Pandanus odoratissimus, also known as the Fragrant Screw Pine or Kewda, is a species of flowering tree belonging to the Pandanaceae family. It is native to coastal and tropical environments in the Indian subcontinent, Southeast Asia, and the Pacific Islands. Pandanus odoratissimus is commonly found growing in coastal areas, particularly along sandy beaches, and is well-adapted to withstand salt spray and strong winds.
Pandanus odoratissimus typically grows up to 4-10 meters in height, with some specimens reaching up to 20 meters. The tree has a unique growth habit, characterized by its aerial prop roots or stilt roots, which emerge from the trunk and provide support and stability in sandy or unstable soils. The tree has a straight or slightly twisted trunk with rough, greyish-brown bark.
The leaves of Pandanus odoratissimus are long, narrow, and sword-like, with a spirally arranged growth pattern around the trunk, giving the tree its common name, Screw Pine. The leaves are dark green, tough, and fibrous, with serrated margins and a prominent midrib.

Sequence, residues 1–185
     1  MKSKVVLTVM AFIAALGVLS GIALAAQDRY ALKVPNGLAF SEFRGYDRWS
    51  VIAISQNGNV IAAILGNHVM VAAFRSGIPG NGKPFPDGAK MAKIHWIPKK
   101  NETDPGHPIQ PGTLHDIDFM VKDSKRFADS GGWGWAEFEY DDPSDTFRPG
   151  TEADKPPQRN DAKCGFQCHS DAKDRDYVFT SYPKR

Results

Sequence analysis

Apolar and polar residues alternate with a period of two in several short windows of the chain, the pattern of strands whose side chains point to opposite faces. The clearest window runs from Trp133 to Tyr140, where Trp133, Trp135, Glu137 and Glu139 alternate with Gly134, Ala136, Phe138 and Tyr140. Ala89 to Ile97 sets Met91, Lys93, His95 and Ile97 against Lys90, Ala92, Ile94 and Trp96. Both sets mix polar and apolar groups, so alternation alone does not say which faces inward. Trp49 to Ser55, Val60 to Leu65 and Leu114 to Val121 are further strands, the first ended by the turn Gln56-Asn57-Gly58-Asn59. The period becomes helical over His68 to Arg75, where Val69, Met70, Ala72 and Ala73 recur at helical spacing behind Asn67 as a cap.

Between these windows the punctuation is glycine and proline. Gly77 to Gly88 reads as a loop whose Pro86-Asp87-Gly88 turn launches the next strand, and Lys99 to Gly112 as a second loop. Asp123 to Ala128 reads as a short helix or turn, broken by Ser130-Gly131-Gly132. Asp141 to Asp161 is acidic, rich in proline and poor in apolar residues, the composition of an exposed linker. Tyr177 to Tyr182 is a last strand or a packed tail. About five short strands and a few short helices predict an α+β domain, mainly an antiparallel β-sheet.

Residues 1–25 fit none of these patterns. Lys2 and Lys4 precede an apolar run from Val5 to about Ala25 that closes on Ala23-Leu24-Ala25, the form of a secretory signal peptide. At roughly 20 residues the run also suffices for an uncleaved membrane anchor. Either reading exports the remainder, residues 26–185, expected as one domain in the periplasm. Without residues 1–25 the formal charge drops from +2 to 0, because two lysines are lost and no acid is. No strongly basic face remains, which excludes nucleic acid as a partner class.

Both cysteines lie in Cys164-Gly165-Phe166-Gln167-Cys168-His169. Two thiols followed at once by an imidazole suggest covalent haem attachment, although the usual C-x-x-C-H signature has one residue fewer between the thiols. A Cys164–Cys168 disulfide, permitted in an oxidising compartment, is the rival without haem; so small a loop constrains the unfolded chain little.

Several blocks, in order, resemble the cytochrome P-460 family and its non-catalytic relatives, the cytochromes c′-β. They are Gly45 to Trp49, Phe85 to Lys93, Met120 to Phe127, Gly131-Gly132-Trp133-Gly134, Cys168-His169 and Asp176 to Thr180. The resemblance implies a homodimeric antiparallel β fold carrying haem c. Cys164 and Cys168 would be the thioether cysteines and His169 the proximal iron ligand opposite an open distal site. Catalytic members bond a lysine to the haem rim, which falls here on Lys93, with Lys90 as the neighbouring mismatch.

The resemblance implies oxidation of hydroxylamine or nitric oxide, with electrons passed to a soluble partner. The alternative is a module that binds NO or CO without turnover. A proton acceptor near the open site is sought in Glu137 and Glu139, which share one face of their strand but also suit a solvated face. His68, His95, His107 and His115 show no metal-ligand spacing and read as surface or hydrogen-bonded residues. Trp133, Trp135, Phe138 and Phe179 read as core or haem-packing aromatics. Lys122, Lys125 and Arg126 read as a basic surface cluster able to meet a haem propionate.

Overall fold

Pandanus odoratissimus is dioecious, meaning that it produces separate male and female flowers on different trees. The male flowers are arranged in long, cylindrical inflorescences called spadices, with a strong, sweet fragrance that gives the tree its species name, odoratissimus. The female flowers are arranged in a large, pineapple-like structure called a syncarp, which turns from green to orange or red as it matures. The syncarp contains numerous small, wedge-shaped fruits, each containing a single seed.
Pandanus odoratissimus plays a vital role in the coastal ecosystem, providing habitat and food for various species of birds, fish, and other wildlife. The tree’s extensive root system helps to prevent soil erosion and stabilize shorelines.
The tree has various uses in traditional cultures. The leaves of Pandanus odoratissimus are used for weaving mats, baskets, and other handicrafts due to their toughness and flexibility. The fragrant male flowers are used to make perfumes and essential oils, while the fibrous roots are used for making ropes and cordage. The fruit of the tree is sometimes eaten raw or cooked, and the seeds can be ground into a flour.
Despite its wide distribution and cultural significance, Pandanus odoratissimus faces threats from habitat loss due to coastal development, deforestation, and climate change. Conservation efforts are necessary to protect this unique tree and the vital ecosystems it supports.